Type of IP Access
IP therapy is administered via a Tenckhoff peritoneal dialysis catheter or an IP port. At our center, we administer IP chemotherapy via an IP port. Two different types of ports are currently used to administer IP therapy. We use an IP implantable port with a fenestrated catheter (14.3 French). Others have recommended the use of a venous implantable port connected to a single lumen venous catheter (9.6 French). See Figure 1 for pictures of both devices.
When comparing ports, note the difference in port size and lumen size of the catheter. Also, the fenestrated end has multiple holes (openings) vs the blunt, open-ended catheter. It has been suggested that use of peritoneal catheters with fenestrations and Dacron cuffs is associated with a greater incidence of bowel adhesions and erosion into the bowel. IP ports do not have Dacron cuffs at this time. To date there is no study regarding the type of implantable port to be used for IP chemotherapy.
The following three studies are based on our experience at Memorial Sloan-Kettering Cancer Center using a fenestrated IP catheter. Black et al. reviewed medical records of all patients who had a fenestrated catheter placed from May 1997–May 2006 at our center. They reviewed 342 patients and identified only nine (3%) who had chemotherapy discontinued because of catheter complications. Other complications included catheter-related infections (three patients), inflow obstruction (five patients), and inability to access the port (one patient). Makhija et al. analyzed the charts of 301 patients and identified 30 (10%) who had catheter-related complications. A total of 19 patients (6.3%) had inflow obstruction and 11 (3.6%) experienced infection. The investigators reported that 93% of the patients completed their planned therapy. Davidson et al. reviewed 227 patient charts and found that 8.8% (20 patients) had inflow obstruction, 5.3% (12 patients) had catheter-related infections, and 3.5% (eight patients ) had a bowel perforation.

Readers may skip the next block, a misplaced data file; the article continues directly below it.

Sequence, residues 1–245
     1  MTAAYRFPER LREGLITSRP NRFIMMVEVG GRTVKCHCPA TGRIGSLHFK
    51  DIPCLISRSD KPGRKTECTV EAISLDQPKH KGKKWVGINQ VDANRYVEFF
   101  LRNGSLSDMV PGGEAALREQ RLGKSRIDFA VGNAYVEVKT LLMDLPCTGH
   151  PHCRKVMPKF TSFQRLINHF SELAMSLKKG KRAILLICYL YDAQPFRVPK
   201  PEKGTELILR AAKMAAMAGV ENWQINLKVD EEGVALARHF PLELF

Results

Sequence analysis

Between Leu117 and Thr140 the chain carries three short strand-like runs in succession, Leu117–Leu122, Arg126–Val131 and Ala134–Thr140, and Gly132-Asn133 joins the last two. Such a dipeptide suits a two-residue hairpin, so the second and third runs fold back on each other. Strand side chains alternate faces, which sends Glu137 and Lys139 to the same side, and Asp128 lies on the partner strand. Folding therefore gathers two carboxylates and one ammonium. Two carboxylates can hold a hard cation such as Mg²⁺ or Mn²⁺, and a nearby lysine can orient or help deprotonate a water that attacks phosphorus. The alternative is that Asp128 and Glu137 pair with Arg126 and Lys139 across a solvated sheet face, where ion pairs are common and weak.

These studies show that catheter-related complications have decreased over time, and suggest a learning curve regarding placement technique, administration, and management of IP chemotherapy from 1991 to the present. Use of laparoscopic surgery or different chemotherapy agents to treat this disease also may be factors in the decreased incidence of complications. Further research is warranted to identify the best device with which to administer IP chemotherapy. Markman and Walker stated that fenestrated catheters seem to encourage fibrous sheath formation and bowel adhesions and are difficult to remove in the ambulatory setting. In our institution's ambulatory office setting, however, we remove the IP ports without complications or difficulty.